For example, instead of a sedative hypnotic — like the Ativan given to my aunt — that can cause extreme sedation, serious confusion and mental decline in older adults, the panel notes that an alternative sleep remedy, perhaps an herbal or nondrug option, is safer. Many sedating antihistamines, in a class of drugs called anticholinergics, should be avoided in older adults because they can cause such side effects as confusion, drowsiness, blurred vision, difficulty urinating, dry mouth andconstipation, the panel concluded.
Mineral oil taken by mouth can, if accidentally inhaled, cause aspiration pneumonia, and many commonly used anti-inflammatory medications, including over-the-counter drugs like ibuprofen and naproxen, increase the risk of gastrointestinal bleeding in adults age 75 and older, as well as in those age 65 and older who also take medications like prednisone and warfarin.
In adults over age 80, the team warned, aspirin taken to prevent heart attacks “may do more harm than good,” and any antidepressant may lower sodium in the blood to dangerous levels, as happened to my aunt.
The team said its criteria should be used by physicians and patients within and outside of institutional settings. But the experts also emphasized that the guidelines should not override a doctor’s clinical judgment or a patient’s needs and values, nor be used as grounds for malpractice disputes.
The Patient’s Responsibility
The geriatric society’s Foundation for Health in Aging has produced a one-page “drug and supplement diary” that can help patients keep track of the drugs and dosages they take. They should show the list to every health care provider they see. The form can be found atwww.americangeriatrics.org/files/documents/beers/MyDrugDiary.pdf.
Too often, people with multiple health problems have one doctor who does not know what another has prescribed. A new prescription can lead to a toxic drug interaction, or simply be ineffective, because it is counteracted by something else being taken.
There is nothing to be gained, and potentially much to lose, by failing to disclose to health care professionals the use of prescribed, over-the-counter or recreational drugs, including alcohol. Nor should any chronic medical condition or prior adverse drug reaction be kept from your doctor.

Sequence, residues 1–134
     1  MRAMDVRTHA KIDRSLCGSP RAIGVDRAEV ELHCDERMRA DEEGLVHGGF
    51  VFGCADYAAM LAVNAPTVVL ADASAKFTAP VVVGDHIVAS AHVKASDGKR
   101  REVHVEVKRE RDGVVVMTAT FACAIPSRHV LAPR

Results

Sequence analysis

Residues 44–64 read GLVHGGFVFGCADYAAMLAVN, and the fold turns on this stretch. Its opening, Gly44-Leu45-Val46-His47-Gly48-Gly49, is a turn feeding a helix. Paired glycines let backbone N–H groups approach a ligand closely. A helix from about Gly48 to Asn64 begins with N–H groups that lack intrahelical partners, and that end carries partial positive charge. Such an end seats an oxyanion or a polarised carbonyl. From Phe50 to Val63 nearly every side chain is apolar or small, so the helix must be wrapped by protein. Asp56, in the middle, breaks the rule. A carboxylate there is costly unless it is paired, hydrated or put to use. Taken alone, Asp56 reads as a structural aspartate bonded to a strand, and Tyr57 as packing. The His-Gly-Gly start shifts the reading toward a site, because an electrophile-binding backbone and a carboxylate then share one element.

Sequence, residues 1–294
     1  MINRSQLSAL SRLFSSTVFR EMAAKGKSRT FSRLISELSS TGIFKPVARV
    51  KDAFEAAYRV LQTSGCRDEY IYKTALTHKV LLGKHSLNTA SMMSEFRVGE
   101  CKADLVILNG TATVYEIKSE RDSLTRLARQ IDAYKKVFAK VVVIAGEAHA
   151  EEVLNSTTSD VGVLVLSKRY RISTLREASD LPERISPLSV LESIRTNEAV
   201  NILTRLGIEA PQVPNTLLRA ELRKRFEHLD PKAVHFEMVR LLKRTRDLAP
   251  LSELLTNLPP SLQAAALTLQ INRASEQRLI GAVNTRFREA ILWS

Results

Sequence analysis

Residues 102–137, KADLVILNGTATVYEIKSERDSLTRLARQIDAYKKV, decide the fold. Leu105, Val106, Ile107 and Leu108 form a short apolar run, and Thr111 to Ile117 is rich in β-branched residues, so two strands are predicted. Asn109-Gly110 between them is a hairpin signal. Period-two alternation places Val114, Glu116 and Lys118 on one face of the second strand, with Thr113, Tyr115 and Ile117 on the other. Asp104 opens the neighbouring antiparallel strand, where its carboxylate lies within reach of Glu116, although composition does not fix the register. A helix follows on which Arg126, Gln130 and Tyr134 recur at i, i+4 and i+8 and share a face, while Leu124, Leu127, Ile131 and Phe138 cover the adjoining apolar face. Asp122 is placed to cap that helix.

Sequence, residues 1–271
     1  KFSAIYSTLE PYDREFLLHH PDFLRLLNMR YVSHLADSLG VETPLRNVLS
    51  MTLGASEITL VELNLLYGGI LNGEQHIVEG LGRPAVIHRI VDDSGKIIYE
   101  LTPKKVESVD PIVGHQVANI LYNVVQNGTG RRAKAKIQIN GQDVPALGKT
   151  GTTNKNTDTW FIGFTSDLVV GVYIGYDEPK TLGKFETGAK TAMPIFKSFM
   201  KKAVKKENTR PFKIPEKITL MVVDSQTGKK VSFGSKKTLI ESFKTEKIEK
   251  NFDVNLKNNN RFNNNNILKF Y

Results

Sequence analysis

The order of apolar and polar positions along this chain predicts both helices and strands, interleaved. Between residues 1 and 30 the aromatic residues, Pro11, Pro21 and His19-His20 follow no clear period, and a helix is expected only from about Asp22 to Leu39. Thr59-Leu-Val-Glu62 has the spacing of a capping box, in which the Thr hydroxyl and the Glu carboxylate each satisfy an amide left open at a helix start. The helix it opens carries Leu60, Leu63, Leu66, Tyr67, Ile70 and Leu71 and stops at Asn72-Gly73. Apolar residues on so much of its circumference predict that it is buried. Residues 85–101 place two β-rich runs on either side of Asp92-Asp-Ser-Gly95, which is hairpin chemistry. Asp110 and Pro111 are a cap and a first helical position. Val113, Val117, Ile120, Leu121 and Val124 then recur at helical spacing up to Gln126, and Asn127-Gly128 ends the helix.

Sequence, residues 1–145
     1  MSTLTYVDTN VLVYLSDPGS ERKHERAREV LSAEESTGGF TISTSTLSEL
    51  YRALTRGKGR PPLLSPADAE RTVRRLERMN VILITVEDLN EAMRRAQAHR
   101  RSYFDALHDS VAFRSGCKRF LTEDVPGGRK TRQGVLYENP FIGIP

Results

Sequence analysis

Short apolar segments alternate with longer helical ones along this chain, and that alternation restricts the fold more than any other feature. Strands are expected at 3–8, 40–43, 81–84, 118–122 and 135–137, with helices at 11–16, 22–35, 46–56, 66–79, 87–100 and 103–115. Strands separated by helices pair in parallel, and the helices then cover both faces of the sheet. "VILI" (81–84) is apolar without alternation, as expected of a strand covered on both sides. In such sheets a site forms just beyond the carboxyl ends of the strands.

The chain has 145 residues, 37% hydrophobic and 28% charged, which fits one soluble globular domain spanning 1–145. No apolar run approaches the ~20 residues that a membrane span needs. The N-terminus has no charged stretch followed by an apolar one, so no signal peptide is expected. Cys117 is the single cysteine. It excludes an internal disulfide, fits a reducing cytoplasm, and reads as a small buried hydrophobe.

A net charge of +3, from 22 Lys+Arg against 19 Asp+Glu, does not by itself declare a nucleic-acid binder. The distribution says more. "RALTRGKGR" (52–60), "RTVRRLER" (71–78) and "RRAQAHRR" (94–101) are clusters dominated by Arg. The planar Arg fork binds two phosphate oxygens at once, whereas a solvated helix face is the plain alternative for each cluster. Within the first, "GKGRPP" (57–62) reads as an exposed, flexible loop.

Whenever a medication is prescribed, patients should ask about side effects to watch for. If a bad or unexpected reaction occurs or the drug does not seem to be working, the prescribing doctor should be told without delay. But patients should never stop taking a prescribed medication without first consulting a health care professional.
Nor should they add any drug or supplement to a prescribed regimen without first consulting a doctor. Even something as seemingly innocent as ibuprofen, acetaminophen, St. John’s wort or an antihistamine purchased over the counter can sometimes lead to dangerous adverse reactions when combined with certain prescribed medications or pre-existing health problems.
But just because a drug is on one of the lists in the Beers Criteria does not mean every older person would be adversely affected by it. The drug may be essential for some patients, and there may be no safer alternative. When all is said and done, a doctor must weigh the benefits and risks.
First published: April 16, 2012. Updated: April 19, 2012Copyright 2012 The New York Times Company